Your gut health

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Luke Coutinho

You would have heard of the saying. ‘Almost all diseases begin in the gut’. Well it’s true and maintaining the right ‘microflora’ (balance of good bacteria) in the gut is crucial for great health, immunity and even, preventing, healing and recovery from serious diseases like cancer.

Your intestines (gut) contains pounds of good bacteria, whose job is to help with the absorption of nutrients from the food you eat. The ‘good bacteria’ determines the strength of your immunity, regulates weight loss, recovery, healing, colon health, toxicity in the body and several other functions.

The gut also contains yeast (fungals), and if this exceeds in numbers compared to the good bacteria, it can cause serious digestive issues, affects assimilation of nutrients, and can cause leaky gut, vaginal rashes, IBS and several other bowel and GI tract disorders. It is extremely important that the proportion of good bacteria is maintained at all times, especially in children.

A shortage of this bacteria could also be the leading cause of allergies, skin problems, headaches, migraines, inability to lose weight and even contribute towards piling on fat. Energy levels of the person fall when there is an imbalance.

Everything we eat and drink passes through the gut along the gastrointestinal (GI) tract. It seems simple enough, but the tube like GI tract, lined with a thin, sticky mucous, is embedded with millions of bacteria that live, grow, and metabolise (digesting and absorbing) in what’s considered a complex ecosystem comprised of both beneficial and harmful bacteria.

I would say maintaining gut health is one of the most important and least looked into things. Many lifestyles that we adopt deplete the gut of the ‘good’ bacteria’ and that’s where all health problems begin, something as small as acne to something as deadly as cancer.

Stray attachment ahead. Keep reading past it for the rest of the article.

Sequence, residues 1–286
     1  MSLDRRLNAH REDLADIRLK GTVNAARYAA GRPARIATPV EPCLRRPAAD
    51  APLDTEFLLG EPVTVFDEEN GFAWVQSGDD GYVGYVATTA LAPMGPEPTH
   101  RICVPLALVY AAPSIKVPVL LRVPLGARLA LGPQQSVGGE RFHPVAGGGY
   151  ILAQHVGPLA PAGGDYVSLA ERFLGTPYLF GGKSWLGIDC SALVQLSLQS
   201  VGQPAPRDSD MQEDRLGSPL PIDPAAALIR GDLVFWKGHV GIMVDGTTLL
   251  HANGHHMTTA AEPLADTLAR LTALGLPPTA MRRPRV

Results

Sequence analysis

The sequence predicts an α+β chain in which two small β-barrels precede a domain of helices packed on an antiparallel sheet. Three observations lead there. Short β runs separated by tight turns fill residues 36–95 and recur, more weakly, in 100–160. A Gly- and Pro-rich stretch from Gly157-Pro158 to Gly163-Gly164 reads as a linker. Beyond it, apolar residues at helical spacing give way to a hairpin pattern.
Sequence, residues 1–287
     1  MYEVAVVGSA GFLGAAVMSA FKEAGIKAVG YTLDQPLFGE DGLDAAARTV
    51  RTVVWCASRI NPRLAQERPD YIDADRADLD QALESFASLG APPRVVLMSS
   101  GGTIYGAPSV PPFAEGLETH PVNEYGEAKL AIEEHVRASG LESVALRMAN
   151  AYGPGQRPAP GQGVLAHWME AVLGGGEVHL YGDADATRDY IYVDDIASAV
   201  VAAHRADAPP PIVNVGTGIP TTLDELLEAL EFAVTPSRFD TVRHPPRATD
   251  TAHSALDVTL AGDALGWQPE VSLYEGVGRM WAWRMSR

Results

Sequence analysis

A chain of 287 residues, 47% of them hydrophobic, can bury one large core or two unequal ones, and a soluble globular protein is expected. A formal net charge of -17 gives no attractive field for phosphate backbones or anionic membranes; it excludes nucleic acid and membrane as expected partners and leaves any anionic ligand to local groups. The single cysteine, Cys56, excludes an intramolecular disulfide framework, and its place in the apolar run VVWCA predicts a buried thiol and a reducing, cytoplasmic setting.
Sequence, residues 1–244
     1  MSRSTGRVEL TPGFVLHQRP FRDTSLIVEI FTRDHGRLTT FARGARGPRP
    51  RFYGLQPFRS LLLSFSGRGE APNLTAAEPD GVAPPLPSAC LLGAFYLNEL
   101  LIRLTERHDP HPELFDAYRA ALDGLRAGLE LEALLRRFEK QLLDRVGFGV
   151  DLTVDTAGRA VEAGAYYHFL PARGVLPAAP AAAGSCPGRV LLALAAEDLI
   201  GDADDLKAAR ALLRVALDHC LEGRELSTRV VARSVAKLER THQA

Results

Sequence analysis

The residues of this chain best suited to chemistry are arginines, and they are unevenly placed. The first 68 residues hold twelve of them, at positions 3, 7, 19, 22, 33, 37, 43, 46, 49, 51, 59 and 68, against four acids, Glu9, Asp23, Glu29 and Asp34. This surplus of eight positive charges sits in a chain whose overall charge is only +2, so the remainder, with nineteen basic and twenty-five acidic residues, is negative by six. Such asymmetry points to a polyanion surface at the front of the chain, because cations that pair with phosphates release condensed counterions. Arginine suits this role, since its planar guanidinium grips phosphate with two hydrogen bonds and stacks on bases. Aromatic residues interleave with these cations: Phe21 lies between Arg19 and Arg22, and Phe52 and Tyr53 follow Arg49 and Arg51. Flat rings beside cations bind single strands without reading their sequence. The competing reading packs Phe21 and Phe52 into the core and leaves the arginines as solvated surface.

If you have more bad bacteria (fungus) than good bacteria in your gut, even the healthy food you eat will not be assimilated the right way. Whether you choose to eat clean, organic or expensive foods, it doesn’t matter if your gut microflora is out of balance.

That’s where probiotics come in.

Probiotic bacteria do several things that contribute to good health and immunity.

Their most basic function is to fight harmful foreign substances that enter the body by detoxifying them and easing their elimination. Probiotics can prevent the growth of harmful bacteria, which thrive and grow within a neutral pH environment, by producing organic acids such as acetic and lactic acids that, in turn, lower the pH of the large intestine.

This lower pH also prevents the metabolism of cholesterol and bile acids in the colon. Since cholesterol and bile metabolites act as cancer-causing agents, they can play an important role in the prevention of cancers of the GI tract and other organs as well. These helpful bacteria can even lower serum cholesterol levels along with cardiovascular disease risk by preventing the activity of an enzyme involved in the synthesis of cholesterol.

Inside the gut are about 100 trillion live microorganisms that promote normal GI (gastro intestinal tracts) function, protect the body from infection, and regulate metabolism and the mucosal immune system. In fact, they comprise more than 75 per cent of the immune system.

Also important is their role in maintaining and protecting the GI barrier. An intact GI barrier maintains gut health, while a problem with its microbiota composition will affect the body’s defence systems and can create a condition known as leaky gut syndrome, which can compromise gut health and lead to diseases such as inflammatory breast cancer, obesity, chronic fatigue syndrome, and depression.

Your diet is the most important element when it comes to building gut health and I cannot emphasise how important it is to do this.

Make sure your diet contain curds or take a probiotic supplement if you are vegan or cannot have yogurt. Here are some top natural probiotic rich foods

Yogurt (plain kind), miso, sauerkraut, kimchi, kefir, kombucha tea, pickled gherkins, spirulina

and chlorella.

Your diet should be rich in complex carbs, fibre, fruits, vegetables, omega – 3 and you should have a healthy water intake and low intake of sugar, processed foods and red meat. Sodas, processed foods and sugar quickly deplete the gut of good bacteria, dropping immunity almost instantly, making it the worst thing your child or you can consume.

I constantly tell parents that giving your child aerated drinks is worse than drugs.